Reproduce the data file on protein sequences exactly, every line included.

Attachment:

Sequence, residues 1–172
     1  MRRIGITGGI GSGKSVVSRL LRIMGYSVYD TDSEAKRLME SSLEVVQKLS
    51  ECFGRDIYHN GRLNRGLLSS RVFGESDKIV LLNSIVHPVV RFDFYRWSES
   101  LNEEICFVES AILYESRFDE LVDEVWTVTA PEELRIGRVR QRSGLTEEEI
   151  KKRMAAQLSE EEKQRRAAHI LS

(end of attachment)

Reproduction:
Sequence, residues 1–172
     1  MRRIGITGGI GSGKSVVSRL LRIMGYSVYD TDSEAKRLME SSLEVVQKLS
    51  ECFGRDIYHN GRLNRGLLSS RVFGESDKIV LLNSIVHPVV RFDFYRWSES
   101  LNEEICFVES AILYESRFDE LVDEVWTVTA PEELRIGRVR QRSGLTEEEI
   151  KKRMAAQLSE EEKQRRAAHI LS